Thursday, September 1, 2011

Classroom Library-Organization to the Max!

So I don't know about you, but the one thing I can get a little anal about is how books are organized.  Maybe it came from working in a library all through school, but books are an important part of my life, and I like them to be accessible and easy to find.  I want the same to be true for my students.  Teaching in an area where there is no community library, I found that students weren't all too thrilled about being forced to read.  Latest stats show that kids need tons of selection and need access to books constantly coming in.  I do that through scouring used shops and by utilizing a public library (since I've moved though, I need to purchase a pass as I don't live in the area anymore-there's a good one 1/2 hour away so for $20 a year, it's worth it).

Because I have so many different levels of readers and readers who have only started to recognize what's a good choice for them, I had to make a plan to help them pick out books.  All books in our library are leveled either yellow, blue, or red, and have a large sticker of the color applied to the front of the book. See the picture below for an idea of what I mean by applying stickers to the front of the books.

Yellow is for the easy reading, which I consider for my group books ranging from about a K to Grade 1 Level.

Blue is about in the middle, somewhat easier, but definitely having some more difficult words.  This includes primary books, beginner chapter books, and regular chapter books (providing no more than 100 pages).  This level is about a Grade 2-3 level.

Red is the harder, more challenging level.  It consists of primarily chapter books and basically is a Grade 4 Reading level and higher.

All my fiction books are placed in buckets, based on their levels, as seen here in the picture.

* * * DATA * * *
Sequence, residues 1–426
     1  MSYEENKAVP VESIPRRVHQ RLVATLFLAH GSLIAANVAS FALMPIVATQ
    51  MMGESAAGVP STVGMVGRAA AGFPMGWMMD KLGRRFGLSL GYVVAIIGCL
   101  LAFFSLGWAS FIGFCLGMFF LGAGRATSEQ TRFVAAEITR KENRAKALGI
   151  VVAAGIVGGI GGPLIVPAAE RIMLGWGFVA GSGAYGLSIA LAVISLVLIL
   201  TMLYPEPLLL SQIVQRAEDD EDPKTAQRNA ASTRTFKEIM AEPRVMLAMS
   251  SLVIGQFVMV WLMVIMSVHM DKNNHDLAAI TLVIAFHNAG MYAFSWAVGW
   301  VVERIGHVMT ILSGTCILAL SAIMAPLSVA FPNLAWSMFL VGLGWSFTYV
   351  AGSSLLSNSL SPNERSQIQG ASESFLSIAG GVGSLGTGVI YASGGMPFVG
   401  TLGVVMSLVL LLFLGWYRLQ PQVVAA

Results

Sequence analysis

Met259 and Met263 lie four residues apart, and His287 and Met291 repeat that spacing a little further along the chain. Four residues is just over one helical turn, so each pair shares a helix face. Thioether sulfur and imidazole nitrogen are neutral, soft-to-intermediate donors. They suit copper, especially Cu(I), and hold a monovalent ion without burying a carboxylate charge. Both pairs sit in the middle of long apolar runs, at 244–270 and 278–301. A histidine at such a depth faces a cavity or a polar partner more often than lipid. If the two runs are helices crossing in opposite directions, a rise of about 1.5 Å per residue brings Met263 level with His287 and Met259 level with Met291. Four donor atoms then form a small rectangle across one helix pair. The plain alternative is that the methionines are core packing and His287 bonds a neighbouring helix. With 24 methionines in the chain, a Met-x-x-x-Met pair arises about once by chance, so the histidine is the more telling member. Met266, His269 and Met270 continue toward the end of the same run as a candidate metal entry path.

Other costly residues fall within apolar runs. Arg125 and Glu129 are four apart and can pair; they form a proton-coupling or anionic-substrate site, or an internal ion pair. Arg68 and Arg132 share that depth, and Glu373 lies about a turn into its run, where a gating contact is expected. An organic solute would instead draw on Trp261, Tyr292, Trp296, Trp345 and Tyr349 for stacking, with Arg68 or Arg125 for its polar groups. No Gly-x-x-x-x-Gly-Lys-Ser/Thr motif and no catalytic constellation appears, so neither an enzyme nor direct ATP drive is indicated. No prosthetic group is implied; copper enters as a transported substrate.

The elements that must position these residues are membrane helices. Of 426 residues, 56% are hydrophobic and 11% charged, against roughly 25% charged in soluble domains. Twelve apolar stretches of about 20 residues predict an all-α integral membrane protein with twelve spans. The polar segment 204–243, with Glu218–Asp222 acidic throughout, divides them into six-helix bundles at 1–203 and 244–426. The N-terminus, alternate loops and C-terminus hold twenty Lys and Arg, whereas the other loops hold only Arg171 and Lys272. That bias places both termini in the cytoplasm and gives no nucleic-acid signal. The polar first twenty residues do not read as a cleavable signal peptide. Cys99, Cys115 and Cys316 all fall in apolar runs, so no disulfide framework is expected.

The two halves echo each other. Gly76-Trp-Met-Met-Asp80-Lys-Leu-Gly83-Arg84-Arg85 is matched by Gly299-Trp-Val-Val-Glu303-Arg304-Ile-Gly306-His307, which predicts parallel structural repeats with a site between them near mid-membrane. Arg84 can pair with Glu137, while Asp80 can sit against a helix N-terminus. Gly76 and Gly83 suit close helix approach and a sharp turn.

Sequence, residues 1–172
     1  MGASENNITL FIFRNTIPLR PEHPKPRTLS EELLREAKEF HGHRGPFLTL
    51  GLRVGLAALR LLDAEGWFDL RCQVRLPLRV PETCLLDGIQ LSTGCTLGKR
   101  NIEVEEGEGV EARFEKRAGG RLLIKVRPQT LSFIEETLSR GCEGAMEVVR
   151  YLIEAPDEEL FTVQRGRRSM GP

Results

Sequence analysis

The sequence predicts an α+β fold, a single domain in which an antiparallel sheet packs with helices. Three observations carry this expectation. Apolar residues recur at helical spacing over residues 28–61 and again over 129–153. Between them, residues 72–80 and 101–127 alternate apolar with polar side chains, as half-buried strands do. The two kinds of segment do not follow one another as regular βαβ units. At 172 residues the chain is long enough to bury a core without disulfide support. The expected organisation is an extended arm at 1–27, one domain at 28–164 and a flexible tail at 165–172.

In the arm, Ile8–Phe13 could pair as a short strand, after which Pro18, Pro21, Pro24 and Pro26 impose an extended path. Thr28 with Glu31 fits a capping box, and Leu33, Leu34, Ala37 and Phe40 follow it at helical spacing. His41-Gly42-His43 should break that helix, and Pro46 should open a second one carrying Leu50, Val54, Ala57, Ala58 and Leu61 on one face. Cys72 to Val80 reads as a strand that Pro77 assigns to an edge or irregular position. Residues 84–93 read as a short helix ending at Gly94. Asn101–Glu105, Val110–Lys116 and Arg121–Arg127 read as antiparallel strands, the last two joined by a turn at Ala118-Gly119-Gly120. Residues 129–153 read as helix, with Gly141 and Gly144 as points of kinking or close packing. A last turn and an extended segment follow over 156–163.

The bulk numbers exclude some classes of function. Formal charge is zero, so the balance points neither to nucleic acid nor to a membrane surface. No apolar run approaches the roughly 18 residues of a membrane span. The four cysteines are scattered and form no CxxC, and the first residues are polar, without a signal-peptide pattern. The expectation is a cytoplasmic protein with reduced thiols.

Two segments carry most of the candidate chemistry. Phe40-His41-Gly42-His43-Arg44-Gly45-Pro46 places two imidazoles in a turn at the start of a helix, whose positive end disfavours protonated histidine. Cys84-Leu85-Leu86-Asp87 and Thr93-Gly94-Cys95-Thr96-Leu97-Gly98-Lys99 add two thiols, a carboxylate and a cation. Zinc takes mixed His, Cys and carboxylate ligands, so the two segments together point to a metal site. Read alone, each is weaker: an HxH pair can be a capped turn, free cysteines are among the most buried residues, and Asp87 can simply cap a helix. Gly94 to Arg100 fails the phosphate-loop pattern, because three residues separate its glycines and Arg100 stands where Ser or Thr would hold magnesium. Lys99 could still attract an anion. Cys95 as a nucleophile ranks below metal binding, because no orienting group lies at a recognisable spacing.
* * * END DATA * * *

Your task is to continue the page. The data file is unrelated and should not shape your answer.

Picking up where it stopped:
I do have a couple separate boxes for popular series that we have many of, which have their own labels (The Magic Tree House, Geronimo Stilton, and graphic novels).

The labels I crafted using scrapbooking paper.  I laminated them and applied them using Velcro (you can see it on one bucket at the bottom right of the picture.  I applied the Velcro using a Shoo Glue (a brand), that will stick to nearly anything.  You get more for your buck than purchasing a special Velcro glue.  You do need to let the Velcro and glue dry before applying your labels.  You can buy a good wad of Velcro (the sew on kind) for only a couple of dollars at Walmart, and the same for a small bottle of the glue.  One major warning about the glue though is that it's quite toxic.  You don't want to apply it near children.

What's great about the Yellow, Blue, and Red System is that the kids know where to put the books back.  Yellow goes in the yellow bucket and so on.  There's no excuse for putting books in the wrong place.

With my non-fiction books, it's kinda the same and kind of different.  They are all labelled by yellow, blue, and red.  However, they are sorted by category, and at the bottom of the front cover, I have labelled all books by the name of their category.  Some of the categories include:  animals, hockey, science, and general non fiction.  As I get more books, I plan on adding more categories later on.

As you can see though, I still have a few more labels to make!

Now, just a quick note about what I used to store the books.

The bins are from Dollarama, and are just washing bins.  I believe I paid $1.25 or $1.50 each for them.  The shelving I pulled from my garage, and has worked so well, I'd like to get more of them.  The shelves can be found at Walmart usually near the bathroom and hardware parts of the store.  I believe the shelf was a 6 tier, that I just simply split apart.  They run anywhere between $35 and $45 for one, depending on the season and sale.  They are virtually indestructible though.  I have moved them across the province and they can bear a lot of weight.

I hope you've found this helpful and stay tuned to see a complete picture of how our classroom library looks in the near future!!

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